Star Wars: the Eurogame

Enjoying some free evening time, I was browsing the shelves in the BGG.Con game library.  I’d heard that the new Street Fighter deckbuilding game was pretty good and wanted to check it out.  Deckbuilding is an intriguing mechanism to me and a decent one is always worth a look.

star wars angriff der klonkrieger Box artWe never found Street Fighter but something else did catch my eye–Star Wars: Angriff der Klonkrieger.  Licensed property games have, at best, a mixed reputation.  Curiosity demanded we pull it down and take a look regardless.  And what do we see?  This Attack of the Clones tie-in is focused on the Geonosis battle from the climax of Episode II.  Hasbro/Milton Bradley’s deeply disappointing Star Wars: Jedi Unleashed was also set in that battle.  Might this game be better?

But wait–this tie-in was design by Inka Brand and Markus Brand–these are the minds behind A Castle for All Seasons and La Boca.  Why this tie-in could actually be good.  Four of us found a free table and took it out for a spin.

And I can happily report that Star Wars: Angriff der Klonkrieger is a decent cooperative game.  More importantly, it features elements game designers should be studying.  What follows is less a game review and more an analysis through the lens of a designer.

Like most cooperative games, Star Wars: Angriff der Klonkrieger gives players a large number of ways to lose but only one way to win.  Keep from losing for five full rounds of play in order to win.  At first glance, the number of ways to lose seemed overwhelming.  As designers, we should make our game’s objectives transparent to our players.  Even though we were able to completely understand them by the end of the first round, I would have liked this element to be clearer.

star wars angriff der klonkrieger set upIn the narrative of this game, the end of the fifth round is the arrival of reinforcements and we jedi are struggling to hold out through wave after wave of enemies until those reinforcements arrive.  The game includes a plastic shuttle which is used as a round counter.  This is a nice touch to begin with–making the figurative notion of counting rounds into the literal by showing the shuttle approaching is already a good idea.  Brian Yu’s Lemony Snicket’s A Series of Unfortunate Events: The Perilous Parlor Game similarly used Poe approaching the front door as a game timer.

The round track in Star Wars: Angriff der Klonkrieger goes further than just round counting, however.  The shuttle’s path includes a space for each step within each round.  Carrying out a round then becomes straightforward: resolve a step, move to the next space and resolve that step.  This implementation does an estimable job of keeping players focused on the game board and spares them trips to the rulebook.  More designers and publishers should be pouncing on this approach.

Jedi in this game are essentially invulnerable.  Many Star Wars tie-ins take this approach.  Apparently, physical injury is far too mundane for the knights of the old republic.  In addition, jedi are nearly omnipresent.  Nearly.  Each jedi can travel an unlimited distance to attack enemy troops but only through empty spaces.  Thus, instead of being defeated, jedi can be surrounded by troops and thereby pinned.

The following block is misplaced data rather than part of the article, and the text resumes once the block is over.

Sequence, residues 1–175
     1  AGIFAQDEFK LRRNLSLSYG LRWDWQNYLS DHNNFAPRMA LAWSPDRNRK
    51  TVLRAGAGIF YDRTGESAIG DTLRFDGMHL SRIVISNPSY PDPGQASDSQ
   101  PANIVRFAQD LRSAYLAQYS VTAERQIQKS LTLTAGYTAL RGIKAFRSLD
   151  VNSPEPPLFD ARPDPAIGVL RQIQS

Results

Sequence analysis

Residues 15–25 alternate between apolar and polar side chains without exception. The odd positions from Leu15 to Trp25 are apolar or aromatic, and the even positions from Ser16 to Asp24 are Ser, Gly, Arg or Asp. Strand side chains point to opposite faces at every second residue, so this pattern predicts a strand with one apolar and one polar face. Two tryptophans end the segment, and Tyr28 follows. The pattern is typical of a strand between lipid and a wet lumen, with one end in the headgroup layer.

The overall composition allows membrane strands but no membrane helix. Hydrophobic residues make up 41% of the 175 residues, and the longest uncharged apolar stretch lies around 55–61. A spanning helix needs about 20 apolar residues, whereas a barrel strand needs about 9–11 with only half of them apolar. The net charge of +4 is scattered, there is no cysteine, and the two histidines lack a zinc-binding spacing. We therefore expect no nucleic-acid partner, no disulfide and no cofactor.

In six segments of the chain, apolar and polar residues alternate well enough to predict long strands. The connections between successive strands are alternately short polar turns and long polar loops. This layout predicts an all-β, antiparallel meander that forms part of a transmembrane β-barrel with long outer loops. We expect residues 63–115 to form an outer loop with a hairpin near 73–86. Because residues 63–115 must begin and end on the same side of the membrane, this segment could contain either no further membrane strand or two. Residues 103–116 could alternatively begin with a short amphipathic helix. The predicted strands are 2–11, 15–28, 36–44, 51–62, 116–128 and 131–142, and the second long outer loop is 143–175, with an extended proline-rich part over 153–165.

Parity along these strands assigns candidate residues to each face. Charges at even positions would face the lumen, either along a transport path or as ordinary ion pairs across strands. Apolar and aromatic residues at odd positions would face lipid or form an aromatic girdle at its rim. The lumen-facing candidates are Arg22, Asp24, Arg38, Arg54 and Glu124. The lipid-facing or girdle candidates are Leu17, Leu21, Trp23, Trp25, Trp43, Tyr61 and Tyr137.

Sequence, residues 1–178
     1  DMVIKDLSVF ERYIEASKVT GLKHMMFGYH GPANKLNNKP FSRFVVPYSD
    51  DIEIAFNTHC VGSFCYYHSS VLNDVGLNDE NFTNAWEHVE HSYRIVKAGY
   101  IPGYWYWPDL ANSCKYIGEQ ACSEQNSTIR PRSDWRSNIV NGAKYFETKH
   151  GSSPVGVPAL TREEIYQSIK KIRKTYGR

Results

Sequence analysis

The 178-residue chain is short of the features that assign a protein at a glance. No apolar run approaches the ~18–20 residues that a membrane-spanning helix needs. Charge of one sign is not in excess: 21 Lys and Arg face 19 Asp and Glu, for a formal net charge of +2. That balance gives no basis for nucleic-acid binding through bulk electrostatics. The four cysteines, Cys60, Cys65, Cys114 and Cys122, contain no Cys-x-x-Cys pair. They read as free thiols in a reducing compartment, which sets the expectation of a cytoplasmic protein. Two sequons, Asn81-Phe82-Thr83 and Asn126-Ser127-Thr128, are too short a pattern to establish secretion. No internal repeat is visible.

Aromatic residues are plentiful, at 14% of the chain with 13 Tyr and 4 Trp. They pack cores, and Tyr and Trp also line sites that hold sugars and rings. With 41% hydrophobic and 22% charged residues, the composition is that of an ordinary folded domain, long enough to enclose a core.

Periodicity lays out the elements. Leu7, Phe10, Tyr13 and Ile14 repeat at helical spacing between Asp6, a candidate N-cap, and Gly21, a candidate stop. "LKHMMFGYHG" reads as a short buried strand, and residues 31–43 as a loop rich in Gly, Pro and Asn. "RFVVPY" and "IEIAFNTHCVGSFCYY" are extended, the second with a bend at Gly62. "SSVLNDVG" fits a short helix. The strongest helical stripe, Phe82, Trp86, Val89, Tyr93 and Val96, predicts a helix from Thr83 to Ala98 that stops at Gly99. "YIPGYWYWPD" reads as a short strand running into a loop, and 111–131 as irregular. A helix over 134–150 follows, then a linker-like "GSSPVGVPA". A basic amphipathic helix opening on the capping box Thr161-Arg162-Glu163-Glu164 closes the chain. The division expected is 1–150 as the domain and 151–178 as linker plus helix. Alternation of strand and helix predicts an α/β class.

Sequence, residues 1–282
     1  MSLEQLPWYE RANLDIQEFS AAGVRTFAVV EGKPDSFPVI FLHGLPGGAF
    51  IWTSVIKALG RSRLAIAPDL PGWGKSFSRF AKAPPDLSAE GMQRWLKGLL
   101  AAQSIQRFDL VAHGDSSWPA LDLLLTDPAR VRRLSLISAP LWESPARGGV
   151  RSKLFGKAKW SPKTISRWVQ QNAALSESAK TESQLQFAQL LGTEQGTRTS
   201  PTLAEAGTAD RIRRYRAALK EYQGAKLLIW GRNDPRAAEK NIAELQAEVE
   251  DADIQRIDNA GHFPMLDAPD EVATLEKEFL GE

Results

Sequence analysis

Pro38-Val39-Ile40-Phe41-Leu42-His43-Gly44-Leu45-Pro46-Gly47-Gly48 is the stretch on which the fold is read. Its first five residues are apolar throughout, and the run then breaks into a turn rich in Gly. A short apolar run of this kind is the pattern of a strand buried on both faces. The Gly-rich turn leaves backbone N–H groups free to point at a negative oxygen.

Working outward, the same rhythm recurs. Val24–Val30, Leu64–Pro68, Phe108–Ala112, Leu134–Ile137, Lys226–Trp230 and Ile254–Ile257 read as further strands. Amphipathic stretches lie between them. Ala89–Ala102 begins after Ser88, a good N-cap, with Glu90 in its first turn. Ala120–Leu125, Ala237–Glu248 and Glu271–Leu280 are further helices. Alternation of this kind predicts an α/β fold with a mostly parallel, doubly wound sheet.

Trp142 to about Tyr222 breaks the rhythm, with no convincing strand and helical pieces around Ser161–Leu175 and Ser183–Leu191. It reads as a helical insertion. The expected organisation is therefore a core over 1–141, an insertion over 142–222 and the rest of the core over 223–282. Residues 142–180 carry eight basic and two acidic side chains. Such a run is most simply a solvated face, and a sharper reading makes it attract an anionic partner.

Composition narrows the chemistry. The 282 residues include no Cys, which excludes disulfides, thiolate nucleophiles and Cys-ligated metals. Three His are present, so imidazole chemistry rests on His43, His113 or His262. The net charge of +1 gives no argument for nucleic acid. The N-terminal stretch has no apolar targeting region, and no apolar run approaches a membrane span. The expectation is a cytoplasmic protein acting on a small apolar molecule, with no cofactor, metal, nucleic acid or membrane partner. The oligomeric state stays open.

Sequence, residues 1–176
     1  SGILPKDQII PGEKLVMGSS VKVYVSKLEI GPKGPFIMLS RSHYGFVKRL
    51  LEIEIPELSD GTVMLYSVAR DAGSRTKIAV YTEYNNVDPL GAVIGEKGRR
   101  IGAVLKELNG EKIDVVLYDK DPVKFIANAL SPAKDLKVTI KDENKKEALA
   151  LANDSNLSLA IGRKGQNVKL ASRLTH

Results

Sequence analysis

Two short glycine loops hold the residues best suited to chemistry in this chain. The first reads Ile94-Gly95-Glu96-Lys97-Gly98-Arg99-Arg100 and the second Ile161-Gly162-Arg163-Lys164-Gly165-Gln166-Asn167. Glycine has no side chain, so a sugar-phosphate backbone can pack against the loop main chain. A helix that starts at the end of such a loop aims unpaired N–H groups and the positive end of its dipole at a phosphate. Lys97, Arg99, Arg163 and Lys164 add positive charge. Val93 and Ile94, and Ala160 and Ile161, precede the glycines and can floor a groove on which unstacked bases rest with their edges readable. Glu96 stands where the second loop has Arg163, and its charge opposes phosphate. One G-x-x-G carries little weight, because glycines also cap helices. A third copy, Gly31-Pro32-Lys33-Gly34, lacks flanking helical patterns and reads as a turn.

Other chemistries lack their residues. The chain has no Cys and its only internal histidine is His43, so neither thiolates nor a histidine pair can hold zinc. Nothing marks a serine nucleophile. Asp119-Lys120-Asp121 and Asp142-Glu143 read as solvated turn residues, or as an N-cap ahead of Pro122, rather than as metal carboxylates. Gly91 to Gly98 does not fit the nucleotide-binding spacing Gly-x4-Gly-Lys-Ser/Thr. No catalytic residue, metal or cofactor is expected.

Enemies swarm the board in one region at a time.  These regions are drawn from a bag of tiles.  There’s nothing particularly unusual about this but the graphic design is again well-executed.  Each tile shows both the region’s number and an image of the game map with the area in question shaded.  Quick and clean.

The most unusual element of  this game is its die allocation mechanism. Each player gets a set of dice to roll and allocate to their play mat or to special challenges surrounding the board.  However, these dice are rolled one at a time.  Each player rolls and places a die before any players move on to roll their next die.  This element forces players to make tough decisions, sometimes committing to a course of action early in a round, sometimes deciding to completely ignore one threat to ensure their odds against another.

While the die allocation mechanism does generate good tension, it has a shortcoming. Like many cooperative games, Star Wars: Angriff der Klonkrieger lends itself to quarterbacking.  One bossy player could easily steamroller the others at the table and generally run the game.  I haven’t yet tried to design a cooperative game but it’s my belief that the best solution to quarterbacking is including a traitor.  Since this game is strictly cooperative, no such stopgap exists.  The players at our table were generally collaborative so we didn’t encounter this issue but I could certainly see where a different group could have a painfully autocratic experience.

All in all, I’m glad we decided to take Star Wars: Angriff der Klonkrieger for a spin.  Should you acquire it?  Is it an essential game for every designer’s collection?  Probably not.  But you should definitely seek it out and give it a play.

SW BGG-CinProud, victorious Jedi.

What do you think of the mechanisms in Star Wars: Angriff der Klonkrieger?  Have you seen these elements in any other games?  Which ones?  Which used them better?  Why? Share with your fellow readers in the comments below.  And if you’re enjoying what you’re reading, create an account with WordPress and follow this blog.  If you keep reading, I’ll keep writing.

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